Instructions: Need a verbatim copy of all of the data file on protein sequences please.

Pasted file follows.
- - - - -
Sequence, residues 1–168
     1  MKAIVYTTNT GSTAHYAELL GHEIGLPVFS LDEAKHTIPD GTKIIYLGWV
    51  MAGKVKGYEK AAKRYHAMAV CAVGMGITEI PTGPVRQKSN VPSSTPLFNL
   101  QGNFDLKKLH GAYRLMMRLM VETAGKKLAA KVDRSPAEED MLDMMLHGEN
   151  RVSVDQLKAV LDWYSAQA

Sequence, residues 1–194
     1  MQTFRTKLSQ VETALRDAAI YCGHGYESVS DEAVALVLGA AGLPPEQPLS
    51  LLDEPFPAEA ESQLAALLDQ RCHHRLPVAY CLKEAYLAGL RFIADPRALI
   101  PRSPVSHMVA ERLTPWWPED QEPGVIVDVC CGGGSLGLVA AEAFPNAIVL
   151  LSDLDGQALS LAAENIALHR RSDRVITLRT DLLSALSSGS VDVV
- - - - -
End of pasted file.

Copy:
Sequence, residues 1–168
     1  MKAIVYTTNT GSTAHYAELL GHEIGLPVFS LDEAKHTIPD GTKIIYLGWV
    51  MAGKVKGYEK AAKRYHAMAV CAVGMGITEI PTGPVRQKSN VPSSTPLFNL
   101  QGNFDLKKLH GAYRLMMRLM VETAGKKLAA KVDRSPAEED MLDMMLHGEN
   151  RVSVDQLKAV LDWYSAQA

Sequence, residues 1–194
     1  MQTFRTKLSQ VETALRDAAI YCGHGYESVS DEAVALVLGA AGLPPEQPLS
    51  LLDEPFPAEA ESQLAALLDQ RCHHRLPVAY CLKEAYLAGL RFIADPRALI
   101  PRSPVSHMVA ERLTPWWPED QEPGVIVDVC CGGGSLGLVA AEAFPNAIVL
   151  LSDLDGQALS LAAENIALHR RSDRVITLRT DLLSALSSGS VDVV